I’m developing a new series of Antarctic watercolors and am enamored with my memories, field sketches and photographs of vast skies and luminous light. I’m planning to work fairly large (30″ x 15″) to help capture the sense of scale I felt down south. Last week I completed one painting, using multiple glazes and masking for icebergs. My inspiration for this particular piece is Pleneau Bay on the Antarctic Peninsula ,where I enjoyed a calm day with low clouds and soft light last year as artist-in-residence with Quark Expeditions. Earlier, I’d completed a watercolor outside as the ship left the Lemaire Channel and I was captivated by the light. Since then, I’ve been excited to recreate that same quiet atmosphere in my studio.
One of my photos with a stately row of icebergs caught my eye. With Photoshop, I experimented with different crops, and viewing it black and white. I also tried several photo filters to explore possible overall tones. I was delighted by a warm orange filter and especially liked the contrast between the warm, nebulous sky and the cool, crisp icebergs.
To explore the painting, I first scribbled thumbnails and palette ideas in my notebook and made two small studies. I varied the colors of each study and noted my palette in the margin. I allowed the paint to dry completely between washes and used masking tape to protect the white of the icebergs. One study worked out and became a complete painting! (In fact, it will be a prize for a new, soon-to-launch HotDish climate action site! More on that later.)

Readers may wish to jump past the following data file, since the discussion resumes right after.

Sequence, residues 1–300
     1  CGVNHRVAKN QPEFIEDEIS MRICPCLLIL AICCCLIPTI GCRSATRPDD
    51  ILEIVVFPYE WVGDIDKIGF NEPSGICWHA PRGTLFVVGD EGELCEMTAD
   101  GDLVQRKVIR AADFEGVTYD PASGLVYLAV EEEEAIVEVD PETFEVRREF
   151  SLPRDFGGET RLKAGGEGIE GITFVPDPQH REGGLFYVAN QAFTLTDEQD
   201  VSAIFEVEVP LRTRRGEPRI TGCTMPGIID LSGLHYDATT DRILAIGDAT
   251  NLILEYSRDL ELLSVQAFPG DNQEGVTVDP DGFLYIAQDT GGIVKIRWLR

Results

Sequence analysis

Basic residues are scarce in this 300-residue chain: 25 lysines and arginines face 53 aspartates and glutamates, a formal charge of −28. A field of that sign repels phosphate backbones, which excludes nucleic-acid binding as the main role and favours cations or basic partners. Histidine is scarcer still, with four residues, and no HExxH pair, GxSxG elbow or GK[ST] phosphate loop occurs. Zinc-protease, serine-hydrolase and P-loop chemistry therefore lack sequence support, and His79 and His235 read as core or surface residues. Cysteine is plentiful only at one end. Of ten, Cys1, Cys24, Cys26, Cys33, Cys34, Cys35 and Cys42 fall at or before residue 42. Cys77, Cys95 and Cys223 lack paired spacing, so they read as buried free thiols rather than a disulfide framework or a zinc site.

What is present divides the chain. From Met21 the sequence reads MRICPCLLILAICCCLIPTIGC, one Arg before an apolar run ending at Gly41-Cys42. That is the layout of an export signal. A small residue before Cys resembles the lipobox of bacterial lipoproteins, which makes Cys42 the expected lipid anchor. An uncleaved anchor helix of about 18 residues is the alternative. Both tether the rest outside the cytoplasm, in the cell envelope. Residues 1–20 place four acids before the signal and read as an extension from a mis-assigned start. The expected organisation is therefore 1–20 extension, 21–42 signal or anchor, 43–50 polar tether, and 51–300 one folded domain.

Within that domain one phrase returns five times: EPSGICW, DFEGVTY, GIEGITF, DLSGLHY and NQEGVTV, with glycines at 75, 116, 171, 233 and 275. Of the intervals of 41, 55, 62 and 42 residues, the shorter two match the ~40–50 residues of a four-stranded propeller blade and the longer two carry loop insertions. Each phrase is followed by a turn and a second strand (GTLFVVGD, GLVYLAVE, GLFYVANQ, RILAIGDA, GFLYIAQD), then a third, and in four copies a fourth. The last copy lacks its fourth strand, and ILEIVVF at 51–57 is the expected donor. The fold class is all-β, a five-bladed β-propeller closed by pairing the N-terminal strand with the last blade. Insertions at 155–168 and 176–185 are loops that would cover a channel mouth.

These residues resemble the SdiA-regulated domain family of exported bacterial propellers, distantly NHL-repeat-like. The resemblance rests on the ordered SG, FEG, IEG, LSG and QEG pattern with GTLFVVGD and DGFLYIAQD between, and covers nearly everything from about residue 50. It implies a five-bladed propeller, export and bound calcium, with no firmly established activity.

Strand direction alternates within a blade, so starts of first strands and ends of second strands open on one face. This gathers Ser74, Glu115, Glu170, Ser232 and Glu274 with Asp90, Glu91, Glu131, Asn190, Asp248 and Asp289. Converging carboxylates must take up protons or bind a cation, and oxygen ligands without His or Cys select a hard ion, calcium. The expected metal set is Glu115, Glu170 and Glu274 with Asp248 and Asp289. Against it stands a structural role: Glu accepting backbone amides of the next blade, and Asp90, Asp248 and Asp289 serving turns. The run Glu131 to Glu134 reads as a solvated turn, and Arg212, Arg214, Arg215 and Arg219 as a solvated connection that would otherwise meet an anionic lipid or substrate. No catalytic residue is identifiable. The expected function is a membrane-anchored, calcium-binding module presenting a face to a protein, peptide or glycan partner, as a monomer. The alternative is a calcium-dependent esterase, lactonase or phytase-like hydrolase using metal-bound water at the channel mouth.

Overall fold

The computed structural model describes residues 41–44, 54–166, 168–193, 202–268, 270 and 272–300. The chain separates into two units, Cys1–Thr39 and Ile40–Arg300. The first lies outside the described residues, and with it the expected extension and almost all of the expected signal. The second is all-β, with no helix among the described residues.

I sketched out a larger version and used two strips of overlapping masking tape for the icebergs. That was a mistake! After I’d carefully completed a number of washes, I removed the tape and was disappointed to see that the paint had leaked through the overlap. I was frustrated, since I loved how the sky and water turned out. Time to try again… This time, I used brown packing tape which I placed on the paper and carefully cut away with a razor blade. I then wet my paper completely with a 3″ hake brush and painted my first wash with Daniel Smith New Gamboge and Pyrrol Orange, using both my big brush and a smaller 2″ hake brush. (Both are hand-made by my Japanese brush-maker friend Mr. Sakuma. Read more about him here.) I lifted paint with a damp flat brush under the icebergs to keep some brights for the water and give the painting more depth.
I allowed the paint to dry. This is the important part! It can be so hard to resist messing around with the paint (patience, patience). Often I’ll work on multiple paintings at once to keep myself occupied. For my next wash, I again wet the paper (at least the sections I planned to work in) using a clean brush and clean water and quickly applied a mix of Daniel Smith Indanthrone Blue, Quinacridone Gold, and Deep Scarlet. The paper did buckle some as my washes dried, but if flattened out in the end and the paint dried smoothly. I repeated one or two more glazes of darker paint until I finally took of the tape. It was clean! (whew) I completed painting the icebergs and here is the final.
I’m to frame the piece this week and hang it at the Pacific Science Center for Polar Science Weekend where I will be exhibiting February 26 – March 1st. Come by and say hello!